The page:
Steve Miller is a great musician, but he hasn’t released a new album in 17 years. Known for this “electric Blues” style, Steve has always had a freshly scrubbed and highly produced studio sound. This week, Steve released — “Bingo!” — a new album that salutes the Blues masters who formed his young, musical, life.
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Billy Burnette plays a great rhythm guitar, and he earned most of his fame replacing Lindsey Buckingham in Fleetwood Mac. Billy was bred into a star musical family, and he also performs solo — but Billy’s greatest gift is to convey beauty in just strumming behind other guitar greats like John Fogerty as part of a backup band. Rhythm guitar has taken a backseat to lead guitar in the foolish modern American musical mindset — but don’t be mistaken — there is honor and necessity in playing proper rhythm and Billy does it righteously well with his massive Gibson guitar always in hand. After recently discovering Billy, I was eager to purchase his solo Blues album — Memphis in Manhattan — but when I went to the iTunes store to click buy, my eye was deceived.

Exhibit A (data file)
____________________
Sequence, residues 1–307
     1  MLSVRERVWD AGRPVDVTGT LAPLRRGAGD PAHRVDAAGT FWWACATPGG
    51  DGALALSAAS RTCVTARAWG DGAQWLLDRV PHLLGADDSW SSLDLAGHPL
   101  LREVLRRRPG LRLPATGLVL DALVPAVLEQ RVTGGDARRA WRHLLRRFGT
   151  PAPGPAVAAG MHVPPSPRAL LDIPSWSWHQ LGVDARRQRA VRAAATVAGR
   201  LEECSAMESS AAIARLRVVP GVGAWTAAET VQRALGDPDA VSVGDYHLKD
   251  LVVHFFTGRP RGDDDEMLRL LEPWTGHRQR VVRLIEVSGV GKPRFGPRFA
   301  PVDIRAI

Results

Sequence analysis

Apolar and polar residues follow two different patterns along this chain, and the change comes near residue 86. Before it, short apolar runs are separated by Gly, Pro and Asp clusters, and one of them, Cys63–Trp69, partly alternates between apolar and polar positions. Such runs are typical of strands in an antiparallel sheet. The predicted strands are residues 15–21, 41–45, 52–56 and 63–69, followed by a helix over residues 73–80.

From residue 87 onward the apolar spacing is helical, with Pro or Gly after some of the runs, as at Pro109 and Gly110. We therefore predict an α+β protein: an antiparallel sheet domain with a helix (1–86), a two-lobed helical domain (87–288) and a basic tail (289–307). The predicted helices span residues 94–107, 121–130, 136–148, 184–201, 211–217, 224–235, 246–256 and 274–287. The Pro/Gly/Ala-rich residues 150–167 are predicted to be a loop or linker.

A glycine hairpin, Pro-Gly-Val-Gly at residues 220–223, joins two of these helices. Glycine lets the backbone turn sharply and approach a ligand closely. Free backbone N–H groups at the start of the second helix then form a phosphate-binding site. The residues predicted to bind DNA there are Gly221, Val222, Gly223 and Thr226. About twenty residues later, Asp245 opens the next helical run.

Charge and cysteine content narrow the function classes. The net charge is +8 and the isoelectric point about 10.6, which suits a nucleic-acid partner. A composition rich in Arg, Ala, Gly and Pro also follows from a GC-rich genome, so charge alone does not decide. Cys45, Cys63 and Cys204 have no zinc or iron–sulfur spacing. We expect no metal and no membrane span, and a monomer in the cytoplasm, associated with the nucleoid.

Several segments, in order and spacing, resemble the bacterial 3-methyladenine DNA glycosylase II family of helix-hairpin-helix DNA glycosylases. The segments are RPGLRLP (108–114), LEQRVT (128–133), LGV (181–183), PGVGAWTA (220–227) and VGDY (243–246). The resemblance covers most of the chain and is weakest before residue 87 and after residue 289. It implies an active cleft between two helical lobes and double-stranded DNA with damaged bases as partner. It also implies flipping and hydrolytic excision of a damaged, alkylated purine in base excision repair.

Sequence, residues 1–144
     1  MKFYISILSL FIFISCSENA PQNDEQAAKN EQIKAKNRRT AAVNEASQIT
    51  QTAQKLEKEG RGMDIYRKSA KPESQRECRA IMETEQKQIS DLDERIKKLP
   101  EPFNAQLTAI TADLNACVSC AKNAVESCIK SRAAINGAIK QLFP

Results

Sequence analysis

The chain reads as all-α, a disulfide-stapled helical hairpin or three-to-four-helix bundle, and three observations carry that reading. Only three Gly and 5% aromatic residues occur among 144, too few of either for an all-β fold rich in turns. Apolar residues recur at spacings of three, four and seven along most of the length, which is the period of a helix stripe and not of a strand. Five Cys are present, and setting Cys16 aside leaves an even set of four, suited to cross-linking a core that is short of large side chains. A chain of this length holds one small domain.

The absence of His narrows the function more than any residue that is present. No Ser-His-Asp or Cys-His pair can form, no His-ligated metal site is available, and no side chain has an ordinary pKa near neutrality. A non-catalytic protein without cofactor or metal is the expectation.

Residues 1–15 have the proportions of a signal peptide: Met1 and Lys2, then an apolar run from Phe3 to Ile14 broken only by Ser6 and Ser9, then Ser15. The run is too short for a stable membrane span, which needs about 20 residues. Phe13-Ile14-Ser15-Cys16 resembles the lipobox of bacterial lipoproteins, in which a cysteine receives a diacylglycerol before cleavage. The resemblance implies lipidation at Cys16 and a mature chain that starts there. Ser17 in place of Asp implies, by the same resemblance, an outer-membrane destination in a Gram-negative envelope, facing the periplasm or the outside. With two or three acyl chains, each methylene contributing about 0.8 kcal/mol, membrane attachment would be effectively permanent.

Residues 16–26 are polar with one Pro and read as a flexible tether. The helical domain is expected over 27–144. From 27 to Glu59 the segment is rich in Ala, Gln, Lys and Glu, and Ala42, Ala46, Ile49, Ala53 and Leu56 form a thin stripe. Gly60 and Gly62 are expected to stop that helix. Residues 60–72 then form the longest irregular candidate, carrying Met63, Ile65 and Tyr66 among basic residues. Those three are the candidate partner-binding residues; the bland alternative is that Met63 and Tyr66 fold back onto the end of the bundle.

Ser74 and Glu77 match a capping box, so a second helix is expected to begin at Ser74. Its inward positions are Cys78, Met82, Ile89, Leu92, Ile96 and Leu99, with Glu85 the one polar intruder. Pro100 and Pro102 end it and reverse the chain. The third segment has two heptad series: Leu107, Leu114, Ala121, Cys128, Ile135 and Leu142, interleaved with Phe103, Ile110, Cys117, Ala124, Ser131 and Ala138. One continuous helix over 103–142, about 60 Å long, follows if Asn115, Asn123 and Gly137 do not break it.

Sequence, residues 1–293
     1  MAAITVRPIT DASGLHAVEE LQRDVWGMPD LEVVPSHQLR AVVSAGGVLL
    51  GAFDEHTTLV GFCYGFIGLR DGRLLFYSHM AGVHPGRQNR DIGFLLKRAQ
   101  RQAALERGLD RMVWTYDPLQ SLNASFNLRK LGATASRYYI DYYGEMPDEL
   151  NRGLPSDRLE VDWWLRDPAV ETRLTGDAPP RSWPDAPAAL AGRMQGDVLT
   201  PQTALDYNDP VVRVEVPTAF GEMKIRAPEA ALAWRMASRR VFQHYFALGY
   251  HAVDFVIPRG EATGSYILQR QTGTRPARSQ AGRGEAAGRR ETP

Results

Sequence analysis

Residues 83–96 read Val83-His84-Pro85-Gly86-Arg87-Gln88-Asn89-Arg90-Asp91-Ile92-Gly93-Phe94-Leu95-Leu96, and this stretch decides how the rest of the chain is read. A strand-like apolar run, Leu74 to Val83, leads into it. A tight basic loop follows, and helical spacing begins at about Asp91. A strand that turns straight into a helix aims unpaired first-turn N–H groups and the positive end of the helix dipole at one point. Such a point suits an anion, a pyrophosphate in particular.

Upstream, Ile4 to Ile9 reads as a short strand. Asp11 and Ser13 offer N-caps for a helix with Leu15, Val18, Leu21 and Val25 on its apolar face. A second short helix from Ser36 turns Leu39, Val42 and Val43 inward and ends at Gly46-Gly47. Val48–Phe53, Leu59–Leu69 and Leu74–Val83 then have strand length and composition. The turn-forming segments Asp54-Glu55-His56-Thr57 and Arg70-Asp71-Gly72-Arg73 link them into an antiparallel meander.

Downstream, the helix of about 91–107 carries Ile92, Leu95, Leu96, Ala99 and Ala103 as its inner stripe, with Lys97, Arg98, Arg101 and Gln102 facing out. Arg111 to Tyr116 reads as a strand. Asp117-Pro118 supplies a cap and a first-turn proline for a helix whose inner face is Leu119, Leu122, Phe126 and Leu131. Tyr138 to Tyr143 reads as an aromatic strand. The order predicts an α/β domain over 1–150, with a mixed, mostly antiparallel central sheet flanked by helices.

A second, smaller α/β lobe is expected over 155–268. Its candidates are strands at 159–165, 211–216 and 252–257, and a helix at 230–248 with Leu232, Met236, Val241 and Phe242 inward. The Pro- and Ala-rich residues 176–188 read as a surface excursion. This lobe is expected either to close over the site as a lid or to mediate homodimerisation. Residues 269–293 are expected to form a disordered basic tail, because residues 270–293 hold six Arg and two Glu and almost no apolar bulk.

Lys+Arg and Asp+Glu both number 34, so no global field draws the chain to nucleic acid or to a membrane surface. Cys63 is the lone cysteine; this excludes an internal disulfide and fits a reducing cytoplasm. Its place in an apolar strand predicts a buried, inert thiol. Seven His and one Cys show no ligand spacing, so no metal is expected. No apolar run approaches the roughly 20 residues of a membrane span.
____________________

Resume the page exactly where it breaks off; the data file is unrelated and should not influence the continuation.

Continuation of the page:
Jeff Beck is a great guitarist and musician. He found his first musical success in The Yardbirds when he replaced Eric Clapton. Beck then brought in Jimmy Page to play bass for the ‘Birds. Jeff Beck didn’t find as much commercial success as Clapton and Page — probably because he didn’t sing or tie himself to a lead singer in a band — yet he still survives and thrives in the music scene as a major force majeure. Jeff Beck’s latest album — “Emotion & Commotion” — was released this week.
One of the first things I do each morning is login to iTunes, check for any new Apps, and then see what’s new in music. I was thrilled this morning to see a new Live Anthology from Tom Petty in the new “iTunes LP” format was released today.